Brain Rule 8
6- What are the three parts of stress? Are you stressed right now? How do you know?
Yes! Aaaargh! Well, not that much… okay, maybe a little.
To quantify as stress according to Kim and Diamond you need to meet three criteria (Medina, 2008); first, “there must an aroused physiological response to the stress, and it must be measurable by an outside party;” second, “The stressor must be perceived as aversive;” and third, “The person must not feel in control of the stressor” (Medina, 2008, p. 173). It seems the hardest factor to achieve is also the easiest to measure, and that would be the fact of your stress being obvious to others around you. In our society people to want to avoid stressors and many feel a lack of control over them, but when other people start to notice the cracks in the shell then that’s usually when stress is at its extreme or when it been wearing someone down over time.
The most noticeable signs of stress in an adult that I observe are when my wife goes on an airplane or thinks I’m driving too close to another vehicle. Both experiences materialize instantly in her body language, she curls up in her seat, tends to gasp, and clutches for any bolted down piece of hardware. In either example the second and third stress rules apply as well. Anyone with children sees the stress of everyday life affect them, and with a young child’s lack of locus of control, the third rule seems to pertain to them in everything from scratchy shirt tags to having a bedtime.
If I felt the stressors were to overpowering I could go back to my regular job or get one hamming nails for a living, so the third rule doesn’t fully apply to me at this time. The steady schedule of school combined with a full time job, two young children, two large dogs, and trying to keep a house from falling apart are all stressors, but none of them are things I would ever trade away, so the positive aspects of these things make the stress well worth it. The first rule about showing stress is less discernable when dealing with the slow burn of long hours and self induced pressure, but it’s there smoldering under the surface. The saving grace for these stressors is a time limit where I can see the light at the end of the tunnel, which is hopefully the break at the end of the school quarter and not a train (ugh, old joke). I reason that while I’m feeling stressors I’m am not consumed by stress.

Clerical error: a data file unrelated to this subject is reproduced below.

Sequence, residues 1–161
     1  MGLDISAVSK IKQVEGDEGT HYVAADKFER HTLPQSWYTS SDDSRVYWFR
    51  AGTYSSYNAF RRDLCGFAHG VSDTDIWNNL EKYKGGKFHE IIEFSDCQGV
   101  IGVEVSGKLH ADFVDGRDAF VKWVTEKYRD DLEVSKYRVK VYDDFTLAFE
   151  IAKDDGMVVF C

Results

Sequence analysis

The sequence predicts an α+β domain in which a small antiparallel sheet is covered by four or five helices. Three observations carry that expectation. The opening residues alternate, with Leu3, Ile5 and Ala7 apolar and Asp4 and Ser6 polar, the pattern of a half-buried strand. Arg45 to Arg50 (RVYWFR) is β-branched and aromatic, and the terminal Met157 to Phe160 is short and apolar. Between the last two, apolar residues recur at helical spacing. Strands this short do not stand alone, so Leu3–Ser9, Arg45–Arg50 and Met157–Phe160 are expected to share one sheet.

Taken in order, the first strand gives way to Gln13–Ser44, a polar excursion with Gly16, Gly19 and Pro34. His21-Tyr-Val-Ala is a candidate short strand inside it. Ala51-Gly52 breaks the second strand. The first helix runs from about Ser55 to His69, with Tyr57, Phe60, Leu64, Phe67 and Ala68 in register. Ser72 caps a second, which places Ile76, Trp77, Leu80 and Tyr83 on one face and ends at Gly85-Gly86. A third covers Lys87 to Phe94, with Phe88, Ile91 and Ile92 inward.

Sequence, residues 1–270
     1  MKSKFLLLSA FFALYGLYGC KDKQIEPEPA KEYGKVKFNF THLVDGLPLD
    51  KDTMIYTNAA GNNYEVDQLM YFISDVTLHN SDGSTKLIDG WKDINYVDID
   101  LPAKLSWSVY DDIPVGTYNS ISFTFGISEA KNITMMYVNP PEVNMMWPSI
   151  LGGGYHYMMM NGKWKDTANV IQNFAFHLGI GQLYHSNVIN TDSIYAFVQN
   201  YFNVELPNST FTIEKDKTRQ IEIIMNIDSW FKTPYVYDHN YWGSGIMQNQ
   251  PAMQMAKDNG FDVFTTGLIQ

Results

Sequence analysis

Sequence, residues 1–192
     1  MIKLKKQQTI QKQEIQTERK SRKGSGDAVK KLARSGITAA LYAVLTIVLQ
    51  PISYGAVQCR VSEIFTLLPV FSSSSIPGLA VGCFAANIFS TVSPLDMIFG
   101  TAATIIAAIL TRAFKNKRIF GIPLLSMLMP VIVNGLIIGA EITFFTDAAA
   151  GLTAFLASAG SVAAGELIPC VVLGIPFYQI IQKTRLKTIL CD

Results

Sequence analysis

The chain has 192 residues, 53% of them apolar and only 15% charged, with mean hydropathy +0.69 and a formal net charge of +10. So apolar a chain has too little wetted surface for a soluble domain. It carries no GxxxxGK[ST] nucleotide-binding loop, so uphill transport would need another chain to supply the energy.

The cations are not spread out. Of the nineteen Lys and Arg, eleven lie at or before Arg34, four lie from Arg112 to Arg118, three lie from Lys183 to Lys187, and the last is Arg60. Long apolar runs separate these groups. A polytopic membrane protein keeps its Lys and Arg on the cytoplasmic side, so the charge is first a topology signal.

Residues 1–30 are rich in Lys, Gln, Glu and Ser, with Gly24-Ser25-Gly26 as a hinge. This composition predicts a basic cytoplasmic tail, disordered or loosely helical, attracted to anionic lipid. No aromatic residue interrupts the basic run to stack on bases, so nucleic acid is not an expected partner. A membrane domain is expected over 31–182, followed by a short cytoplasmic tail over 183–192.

Lawrence-Lightfoot, S. (2009). The third chapter: Passion, risk, and adventure in the 25 years after 50. New York: Farrar, Straus, & Giroux.
Kauffman, J., & Landrum, T. (2006). Children and youth with emotional and behavioral disorders: A history of their education. Austin: Pro-Ed, Inc.
Medina, J. (2008). Brain rules: 12 principles for surviving and thriving at work, home, and school. Seattle: Pear Press.
Pressley, M., & McCormick, C. (2007). Child and adolescent development for educators. New York: The Guilford Press.